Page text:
Can we smell a snowstorm before it begins? Anecdotally, many people insist that they can detect an impending snowfall, but what does the science say? On today’s podcast, we’re joined by olfactory scientist Pamela Dalton, a researcher at the Monell Chemical Senses Center in Philadelphia, to explore the physics behind that crisp, snowy scent.
Smell is a very direct sense: odor molecules have to be physically transported into your nose to trigger olfactory receptors and send a signal to the brain. Just about everything around you gives off odor molecules all the time, but the smelliest stuff is very volatile — that is, easy to evaporate and move around. Just as the kinetic theory of gases would suggest, scents are susceptible to the whims of temperature, flying high in warmer climes and hunkering down when it gets cold. “When it snows it’s usually around 32 to 35 degrees, maybe a little colder,” says Dalton, “and there are just not as many things available to smell at that temperature. The molecules tend to stay where they are. They’re less volatile.” Thus, the “smell of snow” is, in part, the absence of any smell at all. That’s not all there is to it, however. In addition to temperature, humidity also plays a role in our sense of smell, since our noses work best when they’re nice and moist. Snow, like rain, falls when the atmosphere reaches its limit for holding moisture, and just before a snowstorm, the humidity rises. “That little added boost of humidity in the environment, either right prior to a rainstorm or prior to a snowstorm, allows our equipment to operate at a higher level and we’re a little more sensitive to what is there to be smelled.”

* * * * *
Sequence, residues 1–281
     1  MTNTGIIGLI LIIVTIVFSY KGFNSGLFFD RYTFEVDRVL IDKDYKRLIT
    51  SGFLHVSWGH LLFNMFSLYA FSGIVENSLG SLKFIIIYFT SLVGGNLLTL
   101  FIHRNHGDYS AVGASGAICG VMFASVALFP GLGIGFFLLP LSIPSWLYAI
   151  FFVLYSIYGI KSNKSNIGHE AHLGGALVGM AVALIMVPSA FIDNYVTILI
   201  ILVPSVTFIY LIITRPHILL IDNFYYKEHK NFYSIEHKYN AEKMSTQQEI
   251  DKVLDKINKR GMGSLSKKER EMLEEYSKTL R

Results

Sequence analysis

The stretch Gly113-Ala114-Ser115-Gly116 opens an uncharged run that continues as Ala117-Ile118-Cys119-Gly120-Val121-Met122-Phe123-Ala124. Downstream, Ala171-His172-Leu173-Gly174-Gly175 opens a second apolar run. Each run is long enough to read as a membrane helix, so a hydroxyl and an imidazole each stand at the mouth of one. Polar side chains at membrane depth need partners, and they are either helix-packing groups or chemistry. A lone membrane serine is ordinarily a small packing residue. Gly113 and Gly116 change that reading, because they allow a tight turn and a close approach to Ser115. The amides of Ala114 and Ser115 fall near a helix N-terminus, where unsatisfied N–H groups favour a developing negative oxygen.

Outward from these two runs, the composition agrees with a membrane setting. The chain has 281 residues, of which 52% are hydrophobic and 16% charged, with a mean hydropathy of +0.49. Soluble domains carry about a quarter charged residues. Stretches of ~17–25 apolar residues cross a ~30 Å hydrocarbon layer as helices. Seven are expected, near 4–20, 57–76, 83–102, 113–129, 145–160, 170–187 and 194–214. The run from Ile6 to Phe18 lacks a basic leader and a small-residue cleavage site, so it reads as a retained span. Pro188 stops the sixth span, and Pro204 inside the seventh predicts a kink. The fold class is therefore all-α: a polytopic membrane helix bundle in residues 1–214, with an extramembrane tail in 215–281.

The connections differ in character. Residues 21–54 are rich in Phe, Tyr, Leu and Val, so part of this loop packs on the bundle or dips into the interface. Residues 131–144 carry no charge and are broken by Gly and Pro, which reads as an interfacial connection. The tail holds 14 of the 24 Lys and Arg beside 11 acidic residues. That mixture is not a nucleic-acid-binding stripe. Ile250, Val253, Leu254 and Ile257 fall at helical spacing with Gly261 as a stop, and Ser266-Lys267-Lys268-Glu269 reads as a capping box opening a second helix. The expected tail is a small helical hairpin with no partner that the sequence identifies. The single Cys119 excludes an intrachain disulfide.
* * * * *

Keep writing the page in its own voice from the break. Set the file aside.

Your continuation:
The physics of weather conditions — temperature and humidity — undoubtedly affects how well our noses operate and what odors are available to be detected in the first place, but there’s another effect that feeds into our impressions of snow-scent: the physical sensation of breathing cold air. The trigeminal nerve, which allows us to feel things like hot, cold, tingly spice, and cool mint, is a completely different sensory system, yet it often feeds into what we think of as our sense of smell. “Snow is probably a combination of the chillness of the air and a little bit of moisture,” says Dalton. “Is it unique to snow? We don’t really know, but it does certainly provide a sensation, that while the specific molecules may not be unique to snow, the combination of the cold, the humidity, and the molecules might actually make us think, ‘Wow, it’s going to snow, it’s gonna be a big snow,’ that sort of thing.”
|Head anatomy with olfactory nerve
Image Credit: Medscape
Podcast and post by Meg Rosenburg